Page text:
More than 20,000 of these weapons were produced in a number of variations. The first issue was supplied with a 2ft (60cm) long sword bayonet weighing 2lb.
This proved too cumbersome for a gun intended for accurate shooting at long ranges. As a result, a light socket bayonet was adopted, but the cost of altering existing rifles proved too high and only 2000 are thought to have been converted, this example being one of them.
Estimated at £5000-6000, it was stamped on the barrel-tang with an Ordnance mark, a border-engraved lock stamped with a crown over GR and Tower across the tail, and the butt plate was incised PR 30. It sold for £5700.
Among the other military longarms in this sale was an example of the standard English army Brown Bess musket of the period at £2100 and an 1865 example of the percussion Brunswick rifle which superseded the Baker at £1350.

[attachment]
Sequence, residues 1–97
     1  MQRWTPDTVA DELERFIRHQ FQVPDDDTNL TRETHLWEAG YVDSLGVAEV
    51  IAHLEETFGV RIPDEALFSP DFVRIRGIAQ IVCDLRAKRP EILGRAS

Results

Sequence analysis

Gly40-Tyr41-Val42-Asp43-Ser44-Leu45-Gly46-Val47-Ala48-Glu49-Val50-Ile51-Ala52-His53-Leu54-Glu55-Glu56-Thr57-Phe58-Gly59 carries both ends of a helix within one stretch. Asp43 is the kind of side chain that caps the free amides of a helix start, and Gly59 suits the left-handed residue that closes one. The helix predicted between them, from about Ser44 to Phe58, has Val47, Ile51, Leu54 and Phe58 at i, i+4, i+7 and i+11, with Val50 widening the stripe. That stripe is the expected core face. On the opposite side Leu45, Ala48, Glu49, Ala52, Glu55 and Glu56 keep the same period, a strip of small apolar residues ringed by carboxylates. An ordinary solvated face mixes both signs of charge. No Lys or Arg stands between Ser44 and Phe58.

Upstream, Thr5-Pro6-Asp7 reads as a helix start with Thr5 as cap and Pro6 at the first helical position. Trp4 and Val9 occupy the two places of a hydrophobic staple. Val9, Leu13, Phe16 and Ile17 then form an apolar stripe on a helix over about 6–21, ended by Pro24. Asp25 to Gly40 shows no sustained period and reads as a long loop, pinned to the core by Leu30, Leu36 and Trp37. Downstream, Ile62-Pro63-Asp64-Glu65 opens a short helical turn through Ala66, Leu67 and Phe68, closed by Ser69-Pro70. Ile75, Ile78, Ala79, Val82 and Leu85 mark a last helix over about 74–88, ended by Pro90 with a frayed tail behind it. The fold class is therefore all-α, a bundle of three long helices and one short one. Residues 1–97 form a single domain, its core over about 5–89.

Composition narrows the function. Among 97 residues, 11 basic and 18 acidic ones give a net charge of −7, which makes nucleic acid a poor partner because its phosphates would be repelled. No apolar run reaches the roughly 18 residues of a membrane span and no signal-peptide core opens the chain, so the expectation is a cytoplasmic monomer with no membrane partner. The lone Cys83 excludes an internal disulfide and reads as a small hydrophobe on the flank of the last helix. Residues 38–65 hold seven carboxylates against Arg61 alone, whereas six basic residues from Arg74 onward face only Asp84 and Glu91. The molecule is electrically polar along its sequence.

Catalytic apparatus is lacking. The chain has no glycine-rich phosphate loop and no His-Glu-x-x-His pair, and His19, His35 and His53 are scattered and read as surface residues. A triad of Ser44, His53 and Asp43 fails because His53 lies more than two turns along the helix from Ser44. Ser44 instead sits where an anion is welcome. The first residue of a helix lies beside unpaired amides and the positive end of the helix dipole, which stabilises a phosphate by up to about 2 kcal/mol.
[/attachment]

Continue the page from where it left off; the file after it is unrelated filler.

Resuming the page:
“The cost of altering existing rifles proved too high and only 2000 are thought to have been converted
Another rarity was a rare Nock patent heavy dragoon carbine with its characteristic enclosed lock and shielded powder pan at £3800. This carbine came complete with what appeared to be four genuine sword cuts to the barrel and another two to the stock.